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Cutting edge low carbon energy projects get £5 million Government funding boost and 19 British firms win investment
Companies developing cutting edge low carbon energy projects in generation, efficiency and storage - such as capturing carbon emissions or turning buildings into power stations - have the chance to bid for an extra £5 million of funding in the fourth round of the Government’s Energy Entrepreneurs’ Fund (EEF).
Today also sees 19 projects being awarded a share of the £9 million available through the third phase of the Fund. They include renewable generation technologies, efficient engines and vehicles, energy management and storage solutions.
The extra funding announced today comes on top of £35 million already awarded to innovation projects through the previous three phases of the EEF, which helps small and medium sized businesses, including start-ups, bring a range of new and innovative low carbon products to market.
Half of the new money in the latest round will be prioritised for Carbon Capture and Storage, the process of capturing millions of tonnes of CO2 from power stations and industrial facilities, and storing the CO2 offshore, deep under the sea bed. The UK is leading Europe with two commercial-scale projects under development. Without CCS, decarbonising the energy system will be up to £40 billion more expensive per year.
Energy and Climate Change Minister Amber Rudd said:
“As the nation that is leading the way in tackling climate change, it is important that we support small and medium sized businesses get their innovative energy projects off the ground.
“We will see the benefits in terms of increased energy security and affordable, low carbon electricity – Carbon Capture and Storage for example could be one of the most cost effective ways to decarbonise our future energy system.”
Through EEF grants received so far, 70 businesses have been able to create or support an estimated 290 jobs and stimulate £26.6 million of private sector investment. Private investors have provided a further £10.2 million of funding to date.
Highly efficient lighting
Fern Howard, a leading British manufacturer of lighting products, has won funding to develop a highly energy efficient LED (light-emitting diode) light which can reduce energy requirements for lighting by at least 33% compared to the most energy efficient lighting systems currently available. A priority market for Fern Howard are housing associations, which could reduce their CO2 emissions by 76% if they replace their exterior lights with the LEDs under development.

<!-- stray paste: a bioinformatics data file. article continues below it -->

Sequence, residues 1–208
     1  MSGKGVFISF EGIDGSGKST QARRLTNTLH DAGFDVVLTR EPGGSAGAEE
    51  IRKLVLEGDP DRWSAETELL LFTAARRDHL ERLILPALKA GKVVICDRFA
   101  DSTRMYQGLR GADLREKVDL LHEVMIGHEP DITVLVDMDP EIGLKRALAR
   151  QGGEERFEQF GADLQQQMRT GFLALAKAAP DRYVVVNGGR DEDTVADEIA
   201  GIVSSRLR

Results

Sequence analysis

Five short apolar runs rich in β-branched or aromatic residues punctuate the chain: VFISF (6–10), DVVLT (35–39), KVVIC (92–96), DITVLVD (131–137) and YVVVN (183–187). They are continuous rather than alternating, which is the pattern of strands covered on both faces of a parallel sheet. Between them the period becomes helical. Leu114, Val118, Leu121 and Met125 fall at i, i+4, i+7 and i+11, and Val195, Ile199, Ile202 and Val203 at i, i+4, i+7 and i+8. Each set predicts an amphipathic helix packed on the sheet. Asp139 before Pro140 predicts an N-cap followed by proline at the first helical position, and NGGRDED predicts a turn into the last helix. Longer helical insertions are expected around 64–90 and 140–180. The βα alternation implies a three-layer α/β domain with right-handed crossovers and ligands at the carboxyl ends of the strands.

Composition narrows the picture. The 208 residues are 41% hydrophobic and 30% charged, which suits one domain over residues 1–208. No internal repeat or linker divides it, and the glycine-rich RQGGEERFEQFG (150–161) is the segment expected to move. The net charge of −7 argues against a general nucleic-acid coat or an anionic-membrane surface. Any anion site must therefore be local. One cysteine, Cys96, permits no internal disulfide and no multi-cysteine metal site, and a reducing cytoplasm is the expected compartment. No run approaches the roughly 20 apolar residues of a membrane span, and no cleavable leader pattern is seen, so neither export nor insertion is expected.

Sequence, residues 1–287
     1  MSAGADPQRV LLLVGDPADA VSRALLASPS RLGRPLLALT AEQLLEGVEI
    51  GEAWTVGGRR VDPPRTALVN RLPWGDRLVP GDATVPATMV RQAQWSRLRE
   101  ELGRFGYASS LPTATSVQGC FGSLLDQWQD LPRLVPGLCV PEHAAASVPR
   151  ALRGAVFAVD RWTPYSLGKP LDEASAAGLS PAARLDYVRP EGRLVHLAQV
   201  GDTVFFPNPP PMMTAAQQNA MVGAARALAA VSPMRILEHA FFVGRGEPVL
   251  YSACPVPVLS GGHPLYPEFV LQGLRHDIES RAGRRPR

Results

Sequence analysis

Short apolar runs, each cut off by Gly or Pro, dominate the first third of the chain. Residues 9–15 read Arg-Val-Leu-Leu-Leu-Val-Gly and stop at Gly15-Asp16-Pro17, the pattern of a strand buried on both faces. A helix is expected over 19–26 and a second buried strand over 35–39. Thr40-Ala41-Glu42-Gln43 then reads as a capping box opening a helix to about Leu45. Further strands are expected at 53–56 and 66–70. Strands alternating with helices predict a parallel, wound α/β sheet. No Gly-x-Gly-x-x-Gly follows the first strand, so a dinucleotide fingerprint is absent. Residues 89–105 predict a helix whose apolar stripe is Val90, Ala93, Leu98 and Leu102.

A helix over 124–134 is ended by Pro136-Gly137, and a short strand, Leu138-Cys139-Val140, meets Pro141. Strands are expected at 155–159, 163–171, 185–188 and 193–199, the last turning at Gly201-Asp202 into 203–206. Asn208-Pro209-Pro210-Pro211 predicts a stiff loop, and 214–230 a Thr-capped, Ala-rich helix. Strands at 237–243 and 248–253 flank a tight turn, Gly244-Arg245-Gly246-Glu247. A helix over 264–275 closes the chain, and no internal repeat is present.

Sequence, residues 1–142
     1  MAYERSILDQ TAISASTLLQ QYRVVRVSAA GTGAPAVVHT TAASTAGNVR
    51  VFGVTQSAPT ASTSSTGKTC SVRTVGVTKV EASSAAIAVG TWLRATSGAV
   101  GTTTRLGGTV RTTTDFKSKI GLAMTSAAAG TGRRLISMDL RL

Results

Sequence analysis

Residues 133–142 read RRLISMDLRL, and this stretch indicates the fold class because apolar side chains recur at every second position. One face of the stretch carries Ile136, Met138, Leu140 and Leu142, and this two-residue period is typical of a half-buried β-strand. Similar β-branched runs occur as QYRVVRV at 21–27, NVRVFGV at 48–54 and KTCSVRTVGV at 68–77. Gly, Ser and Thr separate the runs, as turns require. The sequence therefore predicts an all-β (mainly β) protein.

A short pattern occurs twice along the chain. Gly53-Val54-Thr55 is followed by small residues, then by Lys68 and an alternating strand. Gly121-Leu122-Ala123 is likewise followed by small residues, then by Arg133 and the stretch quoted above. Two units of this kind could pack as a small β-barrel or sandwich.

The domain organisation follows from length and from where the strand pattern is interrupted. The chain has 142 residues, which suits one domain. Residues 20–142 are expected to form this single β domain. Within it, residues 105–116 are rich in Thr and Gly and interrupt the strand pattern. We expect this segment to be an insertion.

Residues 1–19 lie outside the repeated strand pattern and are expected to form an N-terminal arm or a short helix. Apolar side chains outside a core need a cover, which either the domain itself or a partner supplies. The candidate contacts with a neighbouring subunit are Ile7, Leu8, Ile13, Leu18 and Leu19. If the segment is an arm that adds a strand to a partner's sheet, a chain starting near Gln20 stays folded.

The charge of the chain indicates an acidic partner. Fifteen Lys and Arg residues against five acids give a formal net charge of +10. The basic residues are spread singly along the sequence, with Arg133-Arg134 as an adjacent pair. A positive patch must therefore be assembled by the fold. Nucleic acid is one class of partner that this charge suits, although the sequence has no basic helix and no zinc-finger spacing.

Peter Scott, Group CEO of Fern Howard, said:
“Large, technical projects are traditionally hard for SMEs to undertake and impossible to fund, and the DECC process has been highly supportive, providing essential funding not available from any other sources.
“As a result of the grant we have been able to save at least 36 jobs – that’s over half of our workforce. We forecast that we will grow 25-35% for the next three years and expect employment to increase to around 90 in 2016. In addition, we expect our exports to increase to account for 25% of our total sales.”
Notes to editors
The EEF was a £35 million fund announced in April 2012 to help bring a range of new and innovative low carbon products to market. The scheme particularly aims to assist small and medium sized enterprises, including start-ups, and those companies that are selected can receive additional funding for incubation support – but does not rule out collaborations with larger companies.
Funding for projects is available only for Financial Year 2015/16. Successful projects will be awarded grants in spring 2015.
Unlike previous phases, Phase 4 of the Energy Entrepreneurs Fund will see a specific focus on CCS because this innovative technology could enable us to decarbonise our future energy system in the most cost effective way. Fossil-fuel power plants and large energy-intensive industries are amongst the largest emitters of CO2 both in the UK and globally.
The CCS element builds on the success of the 2012 £20m CCS Innovation Competition to reduce the costs of CCS by developing novel, more efficient, lower cost technologies, and developing the supply chain to reach our long term goal of cost competitive CCS in the 2020s. According to analysis by the Energy Technologies Institute, without CCS, decarbonising the energy system will be up to £40 billion more expensive per year.